I don’t often leave the D2 comfort zone to go to gigs (and when I do I generally make a big deal of it), but Thinguma*jigsaw are special. I’ve never seen them before, and as their album is probably the best thing to come out of Ireland since… James Joyce? I was excited.
James Joyce, then. My understanding was that the event was in celebration of Bloomsday, and that this was why Thinguma*jigsaw were playing (they love him). Thinguma*jigsaw are an insane, hyper-literate, necro-obsessed Norwegian couple whose arrangements consist of banjo-and-musical saw, banjo-and-flute or banjo-and-melodica pretty much exclusively, if you didn’t know.
It was a walk around Howth Head, followed by a repair to the Bailly for further music and merriment. James Joyce and Thinguma*jigsaw (with the potential for added Mumblin’ Deaf Ro) in Howth is basically the ideal Saturday afternoon to me. There was something weird though. Aoife Mc flagged it, but I missed it. Psycho Kate Bush fan event. Not that there’s anything wrong with being a Kate Bush psycho, but I’m not one, and I’ve only heard two Kate Bush songs ever. So that was a bit of a shock. Also, we couldn’t find the actual walk so we just went to the pier until the pub bit started anyway.
I think the Severed Headmaster and Little Myth Epiphanymph, a.k.a. Seth and Martha (Seth may be a second level of fake name – possible real name Stein) were probably there for the Joyce rather than the Bush too though. They started with a reading of the climax to Ulysses that captured a lot of its fluidity and energy, and also showcased Severed-Seth-Stein’s hybrid Norwego-Hiberno-Americo-Mockney accent.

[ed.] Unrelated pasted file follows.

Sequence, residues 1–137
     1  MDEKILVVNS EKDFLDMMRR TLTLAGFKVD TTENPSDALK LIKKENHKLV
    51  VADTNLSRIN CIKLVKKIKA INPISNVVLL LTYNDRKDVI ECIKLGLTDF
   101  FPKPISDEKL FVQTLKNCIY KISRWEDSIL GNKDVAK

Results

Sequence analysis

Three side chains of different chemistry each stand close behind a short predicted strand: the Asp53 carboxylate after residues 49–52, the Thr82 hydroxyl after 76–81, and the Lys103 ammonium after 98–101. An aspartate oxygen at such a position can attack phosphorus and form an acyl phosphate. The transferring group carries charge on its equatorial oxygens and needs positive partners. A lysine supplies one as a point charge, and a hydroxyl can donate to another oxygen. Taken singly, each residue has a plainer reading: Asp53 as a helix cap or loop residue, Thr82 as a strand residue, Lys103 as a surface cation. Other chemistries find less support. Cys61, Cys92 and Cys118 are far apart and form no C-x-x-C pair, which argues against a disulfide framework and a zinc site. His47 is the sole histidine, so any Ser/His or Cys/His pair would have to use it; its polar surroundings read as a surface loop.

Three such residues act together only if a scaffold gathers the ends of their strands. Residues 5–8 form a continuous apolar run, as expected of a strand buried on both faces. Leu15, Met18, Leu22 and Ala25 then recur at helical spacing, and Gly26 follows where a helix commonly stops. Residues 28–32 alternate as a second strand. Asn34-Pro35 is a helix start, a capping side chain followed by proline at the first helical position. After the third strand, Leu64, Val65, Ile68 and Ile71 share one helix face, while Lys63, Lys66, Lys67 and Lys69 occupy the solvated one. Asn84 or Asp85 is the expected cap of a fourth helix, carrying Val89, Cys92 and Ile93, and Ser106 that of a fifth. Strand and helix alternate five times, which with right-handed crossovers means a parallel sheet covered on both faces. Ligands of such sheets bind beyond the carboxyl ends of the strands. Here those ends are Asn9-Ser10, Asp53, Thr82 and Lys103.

They commanded silence for their music. The Headmaster landed somewhere between an author reading his work and a circus ringmaster introducing acts when explaining songs. Martha did not talk, but her death-stare said enough. They sang a lot of songs about death, including a cover of I Love The Dead by Alice Cooper which has the implied Joyce association attached (cheat sheet: last book of Dubliners is called The Dead). His voice is a frail falsetto, over a musical backing which has to be skeletal by definition.
Skeletal is Thinguma*jigsaw all over. They trade in silence, gaunt banjo picking under genuinely shiver-inducing bowed-saw parts. They are kind of scary, especially at such close proximity. If you can’t picture the music still, go to the Muxtape and listen to Serpent’s Apple. I have no idea how a duo would develop into what Thinguma*jigsaw are. No microphones, no nothing. Just words, bones and shivers.